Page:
30Mohanty S, Singhal R, Sood S, Dhawan B, Kapil A, Das BK. Citrobacter infections in a tertiary care hospital in Northern India. J Infect 2007;54:58-64.
31Fernandes R, Amador P, Oliveira C, Prudêncio C. Molecular characterization of ESBL-producing Enterobacteriaceae in northern Portugal. ScientificWorldJournal 2014;2014:782897.
32Ali AM, Rafi S, Qureshi AH. Frequency of extended spectrum beta lactamase producing gram negative bacilli among clinical isolates at clinical laboratories of Army Medical College, Rawalpindi. J Ayub Med Coll Abbottabad 2004;16:35-7.
33Tian GB, Adams-Haduch JM, Qureshi ZA, Wang HN, Doi Y. CTX-M-35 extended-spectrum beta-lactamase conferring ceftazidime resistance in Citrobacter koseri. Int J Antimicrob Agents 2010;35:412-3.
34Abdalhamid B, Pitout JD, Moland ES, Hanson ND. Community-onset disease caused by Citrobacter freundii producing a novel CTX-M beta-lactamase, CTX-M-30, in Canada. Antimicrob Agents Chemother 2004;48:4435-7.
35Zhang R, Yang L, Cai JC, Zhou HW, Chen GX. High-level carbapenem resistance in a Citrobacter freundii clinical isolate is due to a combination of KPC-2 production and decreased porin expression. J Med Microbiol 2008;57(Pt 3):332-7.
36Munday CJ, Whitehead GM, Todd NJ, Campbell M, Hawkey PM. Predominance and genetic diversity of community- and hospital-acquired CTX-M extended-spectrum beta-lactamases in York, UK. J Antimicrob Chemother 2004;54:628-33.
37Lartigue MF, Fortineau N, Nordmann P. Spread of novel expanded-spectrum beta-lactamases in Enterobacteriaceae in a university hospital in the Paris area, France. Clin Microbiol Infect 2005;11:588-91.
38Baraniak A, Fiett J, Sulikowska A, Hryniewicz W, Gniadkowski M. Countrywide spread of CTX-M-3 extended-spectrum beta- lactamase-producing microorganisms of the family Enterobacteriaceae in Poland. Antimicrob Agents Chemother 2002;46:151-9.
39Kim J, Lim YM. Prevalence of derepressed ampC mutants and extended-spectrum beta-lactamase producers among clinical isolates of Citrobacter freundii, Enterobacter spp. and Serratia marcescens in Korea: Dissemination of CTX-M-3, TEM-52, and SHV-12. J Clin Microbiol 2005;43:2452-5.
40Miró E, Mirelis B, Navarro F, Rivera A, Mesa RJ, Roig MC, et al. Surveillance of extended-spectrum beta-lactamases from clinical samples and faecal carriers in Barcelona, Spain. J Antimicrob Chemother 2005;56:1152-5.
41Kumar S, Bandyopadhyay M, Mondal S, Pal N, Ghosh T, Bandyopadhyay M, et al. Tigecycline activity against metallo-ß-lactamase-producing bacteria. Avicenna J Med 2013;3:92-6.
42Islam MA, Talukdar PK, Hoque A, Huq M, Nabi A, Ahmed D, et al. Emergence of multidrug-resistant NDM-1-producing gram-negative bacteria in Bangladesh. Eur J Clin Microbiol Infect Dis 2012;31:2593-600.
43Yanik K, Emir D, Eroglu C, Karadag A, Güney AK, Günaydin M. Investigation of the presence of New Delhi metallo-beta-lactamase-1 (NDM-1) by PCR in carbapenem-resistant gram-negative isolates. Mikrobiyol Bul 2013;47:382-4.
44Rimrang B, Chanawong A, Lulitanond A, Wilailuckana C, Charoensri N, Sribenjalux P, et al. Emergence of NDM-1- and IMP-14a-producing Enterobacteriaceae in Thailand. J Antimicrob Chemother 2012;67:2626-30.
45Denis C, Poirel L, Carricajo A, Grattard F, Fascia P, Verhoeven P, et al. Nosocomial transmission of NDM-1-producing Escherichia coli within a non-endemic area in France. Clin Microbiol Infect 2012;18:E128-30.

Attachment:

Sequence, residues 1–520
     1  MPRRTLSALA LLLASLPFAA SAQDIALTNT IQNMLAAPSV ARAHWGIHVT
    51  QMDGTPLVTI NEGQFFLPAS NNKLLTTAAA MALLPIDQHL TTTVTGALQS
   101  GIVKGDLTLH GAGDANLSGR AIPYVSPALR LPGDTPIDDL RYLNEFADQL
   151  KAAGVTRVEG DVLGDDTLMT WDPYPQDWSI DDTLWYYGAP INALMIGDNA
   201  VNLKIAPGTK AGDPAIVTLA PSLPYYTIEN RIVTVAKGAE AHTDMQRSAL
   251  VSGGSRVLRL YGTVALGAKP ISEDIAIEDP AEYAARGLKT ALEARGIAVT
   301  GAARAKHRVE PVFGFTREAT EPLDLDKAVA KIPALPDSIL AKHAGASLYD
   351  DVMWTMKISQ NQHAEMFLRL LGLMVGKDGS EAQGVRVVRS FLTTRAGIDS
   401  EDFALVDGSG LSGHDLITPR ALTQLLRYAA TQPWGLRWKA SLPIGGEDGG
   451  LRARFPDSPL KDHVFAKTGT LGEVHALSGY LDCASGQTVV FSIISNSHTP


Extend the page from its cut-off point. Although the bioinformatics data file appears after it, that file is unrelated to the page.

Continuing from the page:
46Rubin JE, Peirano G, Peer AK, Govind CN, Pitout JD. NDM-1-producing Enterobacteriaceae from South Africa: Moving towards endemicity? Diagn Microbiol Infect Dis 2014;79:378-80.
47Sonnevend A, Al Baloushi A, Ghazawi A, Hashmey R, Girgis S, Hamadeh MB, et al. Emergence and spread of NDM-1 producer Enterobacteriaceae with contribution of IncX3 plasmids in the United Arab Emirates. J Med Microbiol 2013;62(Pt 7):1044-50.
48Peirano G, Ahmed-Bentley J, Fuller J, Rubin JE, Pitout JD. Travel-related carbapenemase-producing gram-negative bacteria in Alberta, Canada: The first 3 years. J Clin Microbiol 2014;52:1575-81.
49Doyle D, Peirano G, Lascols C, Lloyd T, Church DL, Pitout JD. Laboratory detection of Enterobacteriaceae that produce carbapenemases. J Clin Microbiol 2012;50:3877-80.
50Poirel L, Ros A, Carricajo A, Berthelot P, Pozzetto B, Bernabeu S, et al. Extremely drug-resistant Citrobacter freundii isolate producing NDM-1 and other carbapenemases identified in a patient returning from India. Antimicrob Agents Chemother 2011;55:447-8.
51Yan JJ, Ko WC, Chuang CL, Wu JJ. Metallo-beta-lactamase-producing Enterobacteriaceae isolates in a university hospital in Taiwan: Prevalence of IMP-8 in Enterobacter cloacae and first identification of VIM-2 in Citrobacter freundii. J Antimicrob Chemother 2002;50:503-11.
52Hawkey PM, Xiong J, Ye H, Li H, M'Zali FH. Occurrence of a new metallo-beta-lactamase IMP-4 carried on a conjugative plasmid in Citrobacter youngae from the People's Republic of China. FEMS Microbiol Lett 2001;194:53-7.
53Wendel AF, Brodner AH, Wydra S, Ressina S, Henrich B, Pfeffer K, et al. Genetic characterization and emergence of the metallo-ß-lactamase GIM-1 in Pseudomonas spp. and Enterobacteriaceae during a long-term outbreak. Antimicrob Agents Chemother 2013;57:5162-5.
54Deshpande LM, Jones RN, Fritsche TR, Sader HS. Occurrence and characterization of carbapenemase-producing Enterobacteriaceae: Report from the SENTRY Antimicrobial Surveillance Program (2000-2004). Microb Drug Resist 2006;12:223-30.
55Mavroidi A, Neonakis I, Liakopoulos A, Papaioannou A, Ntala M, Tryposkiadis F, et al. Detection of Citrobacter koseri carrying beta-lactamase KPC-2 in a hospitalised patient, Greece, July 2011. Euro Surveill 2011;16. pii: 19990.